The Millennium Challenge Corporation is at the cutting edge of development innovation on how to deliver U.S. assistance to reduce global poverty.
“Helping the world’s poor is morally the right thing to do,” the Chief Executive Officer of the Millennium Challenge Corporation Daniel Yohannes said recently about U.S. development aid. “Some 1.4 billion people still live in extreme poverty — on less than $1.25 per day — trying to exist without adequate food, shelter, clean water, health care, and education. Poverty robs people of their dignity, and we have the compassion to help them make their lives better.”
The Millennium Challenge Corporation, a U.S. Government development agency created in 2004, is at the cutting edge of development innovation on how to deliver U.S. assistance to reduce global poverty and promote economic growth.
“Let me tell you how [we] push the frontier of development to make the business of aid more business-like,” Mr. Yohannes said. “The Millennium Challenge Corporation is designed to set a new standard for development effectiveness by testing innovative practices . . . We demand good governance. We insist that our partners work hard to design and implement their own programs. This is how they can become more self-reliant. And, we expect accountability and transparency.”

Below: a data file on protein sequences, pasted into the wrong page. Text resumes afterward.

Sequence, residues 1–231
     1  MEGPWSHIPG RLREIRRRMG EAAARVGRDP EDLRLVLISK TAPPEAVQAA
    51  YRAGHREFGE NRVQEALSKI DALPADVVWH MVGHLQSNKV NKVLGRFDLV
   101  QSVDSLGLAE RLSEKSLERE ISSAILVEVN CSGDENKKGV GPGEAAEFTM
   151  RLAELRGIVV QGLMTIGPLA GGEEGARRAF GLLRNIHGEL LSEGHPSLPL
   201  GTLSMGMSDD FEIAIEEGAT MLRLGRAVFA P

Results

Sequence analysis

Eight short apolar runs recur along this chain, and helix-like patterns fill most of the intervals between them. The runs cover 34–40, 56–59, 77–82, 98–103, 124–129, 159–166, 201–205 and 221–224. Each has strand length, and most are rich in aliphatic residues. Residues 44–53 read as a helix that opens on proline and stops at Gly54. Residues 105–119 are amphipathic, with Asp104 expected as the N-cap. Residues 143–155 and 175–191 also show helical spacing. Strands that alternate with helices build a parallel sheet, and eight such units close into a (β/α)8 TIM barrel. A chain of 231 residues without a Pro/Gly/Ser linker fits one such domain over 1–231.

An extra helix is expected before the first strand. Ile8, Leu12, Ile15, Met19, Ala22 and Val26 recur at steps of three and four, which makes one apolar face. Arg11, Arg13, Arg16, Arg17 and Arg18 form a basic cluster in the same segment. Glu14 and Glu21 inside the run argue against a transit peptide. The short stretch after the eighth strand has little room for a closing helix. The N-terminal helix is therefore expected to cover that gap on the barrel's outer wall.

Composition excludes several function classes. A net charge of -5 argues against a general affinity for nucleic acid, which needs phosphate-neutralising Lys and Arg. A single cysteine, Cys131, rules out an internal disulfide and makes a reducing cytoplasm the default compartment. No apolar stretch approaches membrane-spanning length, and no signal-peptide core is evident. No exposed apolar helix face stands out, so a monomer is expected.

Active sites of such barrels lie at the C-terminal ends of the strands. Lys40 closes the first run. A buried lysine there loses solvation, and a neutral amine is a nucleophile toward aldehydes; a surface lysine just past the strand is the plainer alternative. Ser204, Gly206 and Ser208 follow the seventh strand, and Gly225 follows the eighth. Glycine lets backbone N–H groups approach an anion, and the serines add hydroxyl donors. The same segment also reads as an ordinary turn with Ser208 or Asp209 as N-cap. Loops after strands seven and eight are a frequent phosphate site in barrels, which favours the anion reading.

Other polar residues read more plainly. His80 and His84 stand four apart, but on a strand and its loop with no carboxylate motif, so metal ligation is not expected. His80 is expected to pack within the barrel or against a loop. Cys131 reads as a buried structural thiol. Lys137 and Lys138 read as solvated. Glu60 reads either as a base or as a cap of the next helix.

The Millennium Challenge Corporation’s model of development - evidence-based decision-making, country selection process, and technical expertise, has served as a foundation for the Partnership for Growth, a U.S. Government-wide global development policy. This partnership between the United States and a select group of high-performing developing countries works to accelerate and sustain broad-based economic growth.
The Millennium Challenge Corporation abides by country-led local priorities in its investments, most in response to food security. For example: 21 of the 25 signed compacts include food security-related investments; $4.4 billion, more than half of its investments, are related to improving food security; 20 percent of food security investments fund irrigation projects; and 60 percent of investments support rural infrastructure like roads, ports and storage facilities to help farmers get their produce from farms to markets.
Being a good neighbor to someone in need is the embodiment of American values. “What we do at Millennium Challenge Corporation demonstrates American values to the world,” Mr. Yohannes said. “All these investments share the same goal: to lift people out of poverty through economic growth.”